Texas head coach Charlie Strong celebrates with the Golden Hat after defeating Oklahoma, 24-17, at the Cotton Bowl in Dallas on Saturday, Oct. 10, 2015. (Brandon Wade/Fort Worth Star-Telegram/TNS via Getty Images)

Charlie Strong, Texas Make A Big Splash With National Signing Day Blitz

You don’t change the paradigm of a program on National Signing Day alone.

Winning games between the lines, claiming titles, changing a team’s culture — that’s the stuff which remakes the program, or in Texas’s case, restores it.

However, bringing in big-time talent is almost always the first step toward achieving the above goals. Texas and Charlie Strong took that leap on Wednesday, landing a haul that embodies Strong’s coaching and re-positions UT as Texas in its massive home state.

In 48 hours, the Longhorns went from the 30s in every recruiting ranking to a composite No. 11 finish. They pulled in two top-50 prospects (Jeffrey McCulloch and Brandon Jones) by noon and flipped four-star linebacker Erick Fowler from his LSU commitment. A trio of four-star defensive tackles in Jordan Elliott, Marcel Southall and Chris Daniels also chose to head to Austin. 

That haul helped Texas shoot up over 20 spots in the recruiting polls on NSD, validating Strong’s back-loaded recruiting efforts. Among the teams the Horns leapfrogged: Baylor, TCU, Texas A&M and Houston. This was a statement within the state. The Longhorns aren’t back to being the behemoth in Texas, but they’re not taking a back seat with this class. Their main rival, Oklahoma, nabbed a grand total of three Texas natives in its 20th-ranked class.

This hits on another point about UT’s class. It ranks first in the Big 12, where Charlie Strong has a .500 record in his first two seasons. The Longhorns managed to make a big power play on a local and regional scale here.

There’s reasonable hope that Texas could be among the Big 12’s most talented teams by 2017, and that’s a real accomplishment considering what Strong inherited and how many players he ran off prior to his 2014 debut season. It also, warranted or not, probably buys Strong another season even if 2016 doesn’t become an eight-win campaign. He’ll likely get the chance to reap the rewards of this haul and stabilize a relatively dormant powerhouse in the process.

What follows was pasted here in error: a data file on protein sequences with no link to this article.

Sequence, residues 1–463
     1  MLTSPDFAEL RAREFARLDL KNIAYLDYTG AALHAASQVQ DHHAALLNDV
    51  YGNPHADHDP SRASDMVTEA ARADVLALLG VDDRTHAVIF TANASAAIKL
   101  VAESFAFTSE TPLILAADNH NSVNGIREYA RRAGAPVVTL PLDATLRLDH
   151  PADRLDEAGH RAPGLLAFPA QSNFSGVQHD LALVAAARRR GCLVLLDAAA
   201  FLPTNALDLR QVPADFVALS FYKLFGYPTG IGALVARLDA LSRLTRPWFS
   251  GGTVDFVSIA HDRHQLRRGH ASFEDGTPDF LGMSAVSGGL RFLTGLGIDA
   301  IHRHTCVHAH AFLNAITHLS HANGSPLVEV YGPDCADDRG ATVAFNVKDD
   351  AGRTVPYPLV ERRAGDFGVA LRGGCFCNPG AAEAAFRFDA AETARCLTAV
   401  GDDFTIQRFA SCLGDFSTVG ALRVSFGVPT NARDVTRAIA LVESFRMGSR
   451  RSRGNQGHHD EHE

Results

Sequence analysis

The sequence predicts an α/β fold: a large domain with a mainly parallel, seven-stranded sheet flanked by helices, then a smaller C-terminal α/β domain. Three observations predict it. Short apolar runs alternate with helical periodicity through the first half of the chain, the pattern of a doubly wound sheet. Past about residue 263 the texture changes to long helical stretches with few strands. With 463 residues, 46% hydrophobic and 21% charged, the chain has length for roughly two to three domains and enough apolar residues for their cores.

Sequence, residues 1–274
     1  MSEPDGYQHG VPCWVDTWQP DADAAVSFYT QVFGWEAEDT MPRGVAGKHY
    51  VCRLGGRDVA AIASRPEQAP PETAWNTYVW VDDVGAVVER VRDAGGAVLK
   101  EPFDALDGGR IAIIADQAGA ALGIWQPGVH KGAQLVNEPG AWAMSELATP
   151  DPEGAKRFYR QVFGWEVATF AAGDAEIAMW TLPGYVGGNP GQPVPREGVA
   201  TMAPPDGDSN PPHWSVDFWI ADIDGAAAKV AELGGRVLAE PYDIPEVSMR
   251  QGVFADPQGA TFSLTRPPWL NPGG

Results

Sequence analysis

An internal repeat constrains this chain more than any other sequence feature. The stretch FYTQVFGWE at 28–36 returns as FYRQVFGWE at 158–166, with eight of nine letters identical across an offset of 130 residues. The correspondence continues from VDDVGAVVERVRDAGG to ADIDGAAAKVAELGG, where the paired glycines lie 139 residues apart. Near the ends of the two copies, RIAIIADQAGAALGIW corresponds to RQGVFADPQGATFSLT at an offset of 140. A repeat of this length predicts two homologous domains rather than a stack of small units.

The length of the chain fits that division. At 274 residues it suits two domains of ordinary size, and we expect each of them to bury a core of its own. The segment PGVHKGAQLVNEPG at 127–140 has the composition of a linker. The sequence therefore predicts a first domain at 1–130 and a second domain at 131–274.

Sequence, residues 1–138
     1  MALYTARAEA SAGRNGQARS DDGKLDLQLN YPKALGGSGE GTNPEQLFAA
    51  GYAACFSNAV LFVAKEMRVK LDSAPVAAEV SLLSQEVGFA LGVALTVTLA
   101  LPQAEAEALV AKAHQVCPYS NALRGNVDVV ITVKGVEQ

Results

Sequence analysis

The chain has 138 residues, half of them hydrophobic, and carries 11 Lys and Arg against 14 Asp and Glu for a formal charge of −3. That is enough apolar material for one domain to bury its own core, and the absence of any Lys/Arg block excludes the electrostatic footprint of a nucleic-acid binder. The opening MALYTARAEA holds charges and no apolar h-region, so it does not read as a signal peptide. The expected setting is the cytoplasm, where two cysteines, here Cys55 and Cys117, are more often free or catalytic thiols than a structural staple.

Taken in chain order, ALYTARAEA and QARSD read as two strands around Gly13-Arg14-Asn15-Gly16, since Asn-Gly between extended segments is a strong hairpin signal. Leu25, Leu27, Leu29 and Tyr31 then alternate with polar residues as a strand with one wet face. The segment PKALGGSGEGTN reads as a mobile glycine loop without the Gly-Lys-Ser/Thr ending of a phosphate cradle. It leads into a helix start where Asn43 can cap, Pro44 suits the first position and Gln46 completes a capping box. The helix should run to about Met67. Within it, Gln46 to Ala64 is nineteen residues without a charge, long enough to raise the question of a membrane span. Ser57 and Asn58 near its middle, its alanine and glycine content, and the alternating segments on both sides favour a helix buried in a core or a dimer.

That’s good news for him, because the talent that made its way to UT on Wednesday plays to Strong’s coaching strengths. His best seasons at Louisville came with Teddy Bridgewater under center, sure, but they also featured defenses that were brutal to handle in the trenches. UL finished 23-3 in his final two seasons there, and had the No. 1 total defense in 2013 and the No. 25 unit in 2012. Those units were led by defensive lineman Marcus Smith and linebacker Preston Brown.

So it’s encouraging that seven of the eight four-star commits during the last 48 hours broke down like this: four defensive linemen, two linebackers, and a safety. That’s an immediate band-aid for a rushing defense that finished 113th in the country last season, allowing 219.2 yards per game on the ground. You have to think Strong was embarrassed, and that he specifically targeted the interior talent needed to remedy that.

Of course, the marquee area UT has lagged in is quarterback play. The Longhorns kept four-star commit Shane Buechele in the fold after securing his pledge a year ago, no small feat after the miserable season Texas endured in 2015.

Strong can have all the defense he wants, but he’s won big thanks to Bridgewater and Tim Tebow at QB in his last two jobs (one of them as a defensive coordinator under Urban Meyer, not a head coach). He might not need that elite of a quarterback to succeed in Austin, but he’s not surviving with Tyrone Swoopes. Jerrod Heard showed promise, but no one will mistake him as the sure-fire answer under center.

Texas may have to win with defense for the short term, and Strong won’t complain about it. Texas will be equipped to do just that after a National Signing Day that positioned UT as a legitimately talented team for 2016 and beyond.

Chris Abshire

About Chris Abshire

Chris Abshire is a contributing writer at The Student Section, with a focus on college football and basketball in the South. He is a nostalgic LSU graduate living in Houston, TX. Contrary to popular sentiment, I probably like your team.

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